Nostalgia for Mom’s Cooking and Food Skills

Philippa Sandall“Have We Lost Our Food Skills and How to Get Them Back” was the bait-clicky headline of a recent piece in the Sydney Morning Herald. The article by Paula Goodyer with contributions from dietitians including Profs. Clare Collins and Margaret Allman-Farinelli makes the point that “a host of factors have led to a generation who lack cooking nous. The effect is a wider waistline and a thinner wallet”. It is worth reading. But we seriously question putting the food skills of previous generations on any sort of pedestal (think seriously overcooked vegetables for starters).

Mother’s Cooking

Recipes My Mother CookedBack in 2010 I created Recipes My Mother Cooked for Allen and Unwin. As well as their Mum’s recipes, I asked the book’s contributors (chefs, food writers, dietitians) to share some of their family fare memories. Some mothers were clearly truly amazing cooks. Many, however, had pretty basic skills and while family mealtimes were memorable, the meals themselves, not so much. Hadleigh Troy (then Restaurant Amuse, Perth; now Hampton and Maley) put it this way: “Although Mum says she taught me everything she knows when it comes to cooking, those who know her and love her are in on the joke.”

By food skills, Paula Goodyer is essentially talking about learning to cook and to plan and prepare meals. Clearly, it’s important to be able to feed yourself (and your family if you have one) healthy fare. But, here at GI News we think it’s time to take off the nostalgia blinkers because what we all need today are some new healthy food skills to equip us to thrive in a world with a very different food supply from any previous generation.

Practical Food Skills

Along with an abundance of locally grown and imported fresh produce available year round, we have an abundance of convenience foods from frozen vegetables and meals to home-delivered meals and takeaways to help us put dinner on the table at the end of the day (and possibly provide breakfast and lunch as well).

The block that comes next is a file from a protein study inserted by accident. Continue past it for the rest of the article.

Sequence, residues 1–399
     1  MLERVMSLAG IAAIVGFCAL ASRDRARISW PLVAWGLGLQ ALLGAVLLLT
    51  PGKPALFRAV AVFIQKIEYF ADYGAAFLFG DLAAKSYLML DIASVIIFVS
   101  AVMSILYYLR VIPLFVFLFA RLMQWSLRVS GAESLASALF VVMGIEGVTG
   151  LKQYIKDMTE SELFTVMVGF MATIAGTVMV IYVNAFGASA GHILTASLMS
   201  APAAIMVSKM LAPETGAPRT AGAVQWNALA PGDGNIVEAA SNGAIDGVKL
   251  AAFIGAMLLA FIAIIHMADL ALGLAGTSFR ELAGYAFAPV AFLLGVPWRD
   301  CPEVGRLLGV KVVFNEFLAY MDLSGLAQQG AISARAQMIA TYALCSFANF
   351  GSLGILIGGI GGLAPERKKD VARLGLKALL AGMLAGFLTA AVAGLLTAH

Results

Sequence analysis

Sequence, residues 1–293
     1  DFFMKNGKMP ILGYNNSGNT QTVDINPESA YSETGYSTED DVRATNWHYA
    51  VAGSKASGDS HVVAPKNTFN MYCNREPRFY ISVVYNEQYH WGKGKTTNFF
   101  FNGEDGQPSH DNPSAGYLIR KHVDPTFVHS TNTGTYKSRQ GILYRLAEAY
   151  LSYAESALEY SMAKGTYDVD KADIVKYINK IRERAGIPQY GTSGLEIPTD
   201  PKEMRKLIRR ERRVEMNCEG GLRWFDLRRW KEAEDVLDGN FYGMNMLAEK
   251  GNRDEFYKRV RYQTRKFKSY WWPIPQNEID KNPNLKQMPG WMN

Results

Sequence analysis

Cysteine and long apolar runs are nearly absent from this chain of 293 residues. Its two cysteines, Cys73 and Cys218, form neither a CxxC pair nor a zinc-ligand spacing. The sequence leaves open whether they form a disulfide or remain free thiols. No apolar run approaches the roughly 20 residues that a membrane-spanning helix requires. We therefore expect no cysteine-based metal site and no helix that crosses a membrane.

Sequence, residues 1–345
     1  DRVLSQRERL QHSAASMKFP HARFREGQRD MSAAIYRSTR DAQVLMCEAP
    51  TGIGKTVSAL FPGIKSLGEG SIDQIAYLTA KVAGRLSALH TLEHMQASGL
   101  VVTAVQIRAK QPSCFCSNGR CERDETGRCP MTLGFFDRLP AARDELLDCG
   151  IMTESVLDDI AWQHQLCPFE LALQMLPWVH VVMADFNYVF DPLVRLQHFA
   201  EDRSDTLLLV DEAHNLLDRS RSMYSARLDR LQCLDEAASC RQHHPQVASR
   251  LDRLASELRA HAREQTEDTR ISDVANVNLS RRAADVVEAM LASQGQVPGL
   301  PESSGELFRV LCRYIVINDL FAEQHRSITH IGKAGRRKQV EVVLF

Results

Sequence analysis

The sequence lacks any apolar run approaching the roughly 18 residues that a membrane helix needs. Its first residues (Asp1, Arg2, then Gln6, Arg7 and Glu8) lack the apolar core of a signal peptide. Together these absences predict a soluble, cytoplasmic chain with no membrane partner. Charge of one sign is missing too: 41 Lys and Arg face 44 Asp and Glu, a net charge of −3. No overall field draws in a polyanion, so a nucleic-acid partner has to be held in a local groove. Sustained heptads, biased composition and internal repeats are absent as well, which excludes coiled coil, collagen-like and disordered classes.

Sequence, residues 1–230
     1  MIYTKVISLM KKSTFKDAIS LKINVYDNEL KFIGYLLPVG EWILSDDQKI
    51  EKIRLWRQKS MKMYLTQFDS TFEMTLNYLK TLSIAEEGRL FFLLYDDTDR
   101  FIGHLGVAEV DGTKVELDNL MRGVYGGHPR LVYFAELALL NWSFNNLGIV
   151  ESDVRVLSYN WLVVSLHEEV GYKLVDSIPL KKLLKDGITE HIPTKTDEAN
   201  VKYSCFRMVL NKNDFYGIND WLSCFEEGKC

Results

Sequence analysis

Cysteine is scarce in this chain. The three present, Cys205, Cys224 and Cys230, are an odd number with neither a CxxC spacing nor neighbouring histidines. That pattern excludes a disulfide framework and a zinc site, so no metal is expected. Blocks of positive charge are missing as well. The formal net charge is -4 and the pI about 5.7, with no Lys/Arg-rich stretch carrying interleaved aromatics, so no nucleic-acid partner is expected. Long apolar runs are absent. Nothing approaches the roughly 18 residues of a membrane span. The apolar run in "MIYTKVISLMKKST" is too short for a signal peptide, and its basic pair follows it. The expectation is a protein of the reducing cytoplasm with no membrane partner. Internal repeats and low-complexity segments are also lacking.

The practical healthy food skills we need to develop or to upgrade are our:

Food knowledge skills to help us understand where the food we eat has come from, how it is grown, how animals are farmed, and whether or not it is sustainable.

Shopping skills to help us choose fresh produce and to make smart choices with convenience foods, home-delivered meals and takeaways.

Food and nutrition skills to help us build healthy eating habits and to choose the sustaining foods we (and our families) need for good health and to cut through countless fads about foods, fad diets, and the misconceptions about healthy eating.

Convenience Foods

As for the suggestion we need to turn off the tap with convenience foods, we think that’s idealistic rather than realistic in this day and age. Remember, in the end what really matters for good health, well-being and achieving and maintaining a healthy weight is the overall quality and quantity of the foods we consume – and those foods may be home cooked from scratch, assembled, delivered from a restaurant or healthy food provider, picked up as a takeout, or purchased as a frozen or pre-packaged meal from the supermarket.

There are many reasons people choose convenience foods. Sometimes it’s the only option for those on the road or working insane hours; people doing shift work; the frail elderly who can no longer cook but want to stay in their own home; people with a disability who can’t cook; people who don’t have cooking facilities. Other times convenience food buys us time.

Supply and Demand

As Prof Jennie Brand Miller says: “I don’t want to spend more time in the kitchen. I know how to cook but I want the food industry to provide me with high quality, healthy convenience food (takeaway food, eat-in food, plonk-together-in-a-saucepan food) so I get to do other things higher on my priority list such as being outside, exercise, yoga, mindfulness, reading, sailing … We know the food industry can give us anything we want but they work by the law of supply and demand. We have to DEMAND.”

This article, by Philippa Sandall, was originally published in the GI News, which she edits. We urge you to check out the GI News and subscribe here.

Veg-All, illustration © Classic Film / flickr

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August 2, 2018

3 Responses to “Nostalgia for Mom’s Cooking and Food Skills”

  1. August 02, 2018 at 6:53 am, James Jennings said:

    This ad for a French supermarket is on point. In a few minutes, it tells a story of 4 young guys who clearly never learned to cook sharing a flat. Then one starts to take an interest in food. I think it’s brilliant.

  2. August 02, 2018 at 11:52 am, Robyn Flipse said:

    This is an interesting take on future of meal kits from anthropological perspective.

  3. August 03, 2018 at 5:48 am, Marilyn Mehlmann said:

    Thank you for a sane article about a topic that often seems to attract insanity. Fully agree with the list of necessary skills – in fact, we promote them through our Food Action program; it would be a privilege to have your comments.

    On the other hand: please don’t make light of the hazards of convenience foods. So many of them contain detrimental or even dangerous ingredients. And (surprise!) the ones that don’t are often a lot more expensive. Developing the skills for cooking from scratch are incredibly important not least for those with least time, i.e. the poor. Would you not agree?